(Wessington Springs, SD)—A typical June day ended with a significant health emergency for Blake Willman, a volunteer firefighter and market president of American Bank and Trust in Wessington Springs.
The Wessington Springs Volunteer Fire Department responded to a house fire shortly after lunch time in early June 2023. It was a very hot, humid day, Willman said, and the fire was extremely smoky. The house ended up being a total loss, and two of the owners’ pets died. Three firefighters, including Willman were taken to the Avera Weskota Memorial Hospital in Wessington Springs for smoke inhalation and heat exhaustion. A fourth sought treatment later for symptoms from the fire.
“For me personally it probably took me longer than it should have to realize (I was injured),” Willman said. “There was a lot of adrenaline. The house ended up being right next to my parents’ house so when I first drove up to the scene it looked like their house was on fire.”
He and his fellow firemen went to work trying to keep the fire from spreading and to get it extinguished.
“One of the EMTs said ‘Hey, I think you should take a break and sit down,’” Willman said. “I drank some water, and I thought I was feeling better, so I went back to work.”
Willman continued to fight the fire until he started feeling disoriented and dizzy. He couldn’t control his cough.
“Probably the one that scared me the most was my heart was really racing and I couldn’t get that to go down,” he said.
He went back to the ambulance, and the EMTs made the decision to take him to the hospital for treatment. At the hospital Horizon provider Katlyn Rostyne, CNP, administered an IV and gave him some shots to counteract the smoke inhalation.
Clinic staff brought Pedialyte to the firemen still on the scene to help their electrolytes and keep more of them out of the hospital, a step Willman said they weren’t obligated to take. Rostyne also took the initiative to call Willman the next day to follow up on his health.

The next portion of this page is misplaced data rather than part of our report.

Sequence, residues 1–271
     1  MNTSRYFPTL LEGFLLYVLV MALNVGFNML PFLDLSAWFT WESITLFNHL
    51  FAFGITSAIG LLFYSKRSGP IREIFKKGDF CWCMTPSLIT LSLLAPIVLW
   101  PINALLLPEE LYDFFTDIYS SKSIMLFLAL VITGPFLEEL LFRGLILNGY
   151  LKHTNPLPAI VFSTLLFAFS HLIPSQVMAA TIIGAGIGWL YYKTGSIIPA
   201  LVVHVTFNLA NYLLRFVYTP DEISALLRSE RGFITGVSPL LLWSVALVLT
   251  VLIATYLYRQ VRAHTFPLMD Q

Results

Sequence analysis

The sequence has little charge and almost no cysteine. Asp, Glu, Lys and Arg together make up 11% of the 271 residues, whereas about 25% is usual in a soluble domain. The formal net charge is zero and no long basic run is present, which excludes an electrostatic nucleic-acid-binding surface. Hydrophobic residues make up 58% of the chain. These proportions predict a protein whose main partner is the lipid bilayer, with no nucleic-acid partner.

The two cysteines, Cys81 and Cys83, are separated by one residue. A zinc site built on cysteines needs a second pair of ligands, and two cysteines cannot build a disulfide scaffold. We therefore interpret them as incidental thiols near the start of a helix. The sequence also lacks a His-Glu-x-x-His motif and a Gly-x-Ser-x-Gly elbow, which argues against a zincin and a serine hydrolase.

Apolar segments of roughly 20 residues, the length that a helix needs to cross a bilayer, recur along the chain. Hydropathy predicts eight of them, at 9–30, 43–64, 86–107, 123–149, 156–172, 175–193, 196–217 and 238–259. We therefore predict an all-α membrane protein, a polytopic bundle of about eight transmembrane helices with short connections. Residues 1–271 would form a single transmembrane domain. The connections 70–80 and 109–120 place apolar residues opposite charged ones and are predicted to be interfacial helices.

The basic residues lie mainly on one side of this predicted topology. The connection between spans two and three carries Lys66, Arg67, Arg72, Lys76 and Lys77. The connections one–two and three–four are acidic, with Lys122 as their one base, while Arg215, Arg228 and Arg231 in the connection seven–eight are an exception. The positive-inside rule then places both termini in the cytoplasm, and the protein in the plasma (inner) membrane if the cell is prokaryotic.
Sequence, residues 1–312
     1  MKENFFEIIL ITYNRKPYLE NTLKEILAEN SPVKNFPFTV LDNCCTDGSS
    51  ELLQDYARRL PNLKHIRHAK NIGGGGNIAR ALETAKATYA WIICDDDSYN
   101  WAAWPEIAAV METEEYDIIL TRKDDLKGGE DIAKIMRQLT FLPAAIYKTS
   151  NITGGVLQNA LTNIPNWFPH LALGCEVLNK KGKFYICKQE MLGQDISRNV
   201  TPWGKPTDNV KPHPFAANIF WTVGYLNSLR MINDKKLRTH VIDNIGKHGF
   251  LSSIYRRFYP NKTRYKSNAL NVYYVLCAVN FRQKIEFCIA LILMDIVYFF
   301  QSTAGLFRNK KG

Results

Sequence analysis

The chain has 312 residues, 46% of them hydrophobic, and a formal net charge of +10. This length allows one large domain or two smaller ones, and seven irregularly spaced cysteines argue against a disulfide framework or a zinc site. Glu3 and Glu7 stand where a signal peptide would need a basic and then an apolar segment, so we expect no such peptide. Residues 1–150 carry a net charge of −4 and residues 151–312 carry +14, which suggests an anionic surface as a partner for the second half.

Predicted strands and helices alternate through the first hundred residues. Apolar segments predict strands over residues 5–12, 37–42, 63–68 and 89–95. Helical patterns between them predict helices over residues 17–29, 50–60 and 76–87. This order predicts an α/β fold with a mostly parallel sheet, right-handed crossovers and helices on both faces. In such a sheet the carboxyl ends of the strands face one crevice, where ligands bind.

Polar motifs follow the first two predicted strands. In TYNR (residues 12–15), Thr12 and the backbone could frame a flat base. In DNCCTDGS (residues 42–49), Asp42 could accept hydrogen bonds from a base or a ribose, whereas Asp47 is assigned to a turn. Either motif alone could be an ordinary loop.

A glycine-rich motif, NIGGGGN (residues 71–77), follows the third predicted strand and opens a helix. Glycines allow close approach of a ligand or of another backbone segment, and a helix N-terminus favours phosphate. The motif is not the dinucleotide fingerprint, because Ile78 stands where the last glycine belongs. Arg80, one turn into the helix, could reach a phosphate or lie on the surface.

“I thought that was probably care that you only get from a community health care center like Horizon,” he said.
The proximity of the health center was another important factor in the recovery of Willman and his fellow volunteers. Without having a clinic and hospital right down the street their care would have been delayed at least 45 minutes allowing their symptoms to become more severe and possibly causing greater damage to their lungs and health.
“Getting access to that care was vital to helping me recover,” Willman said. “I was able to get shots. I was able to go home to my own bed and recover there. Even when I was recovering at home having that local connection of being able to be treated in your own town — I wouldn’t have had that if I’d been treated in Huron or Mitchell.”
Willman says he sees parallels between the volunteer fire department and Horizon.
“As a fire department we do our best to take care of the community,” he said. “They surely try their best to serve the patients of Jerauld County.”
Willman also sees the economic benefits of having residents get their care in their own community. When a patient goes to a larger town to seek health care, they also might buy gas and go shopping.
“That’s tax money that leaves here and that’s money that our local retailers aren’t getting,” Willman said. “It’s huge having an organization like Horizon in our community.”
Horizon providers live and work in their communities, treating small town residents with state-of-the-art health care you’d expect to find in a larger community. Besides that, Willman said those providers, nurses and staffs are weaving themselves into the fabric of their communities.
“These community health providers they’re not just serving the health needs of the community,” Willman said. “They’re providing doctors that live and work in your community, doctors and nurses and staff that contribute to building a community in these small towns.”
About Horizon Health Care, Inc.
For over 40 years, Horizon Health Care has been providing personalized, affordable, high-quality medical, dental and behavioral healthcare through a rural, community-based network in South Dakota. Horizon is a Federally Qualified Health Center (FQHC) that serves the medical, dental and mental healthcare needs of South Dakotans in rural, medically underserved areas through 110,000 patient visits annually in 31 community health centers in: Aberdeen, Alcester, Bison, Bryant, De Smet, Eagle Butte, Elk Point, Faith, Fort Thompson, Howard, Huron, Isabel, La Plant, Lake Preston, Martin, McIntosh, Mission, Plankinton, Wessington Springs, White River, Woonsocket, and Yankton. For more information, please visit www.horizonhealthcare.org.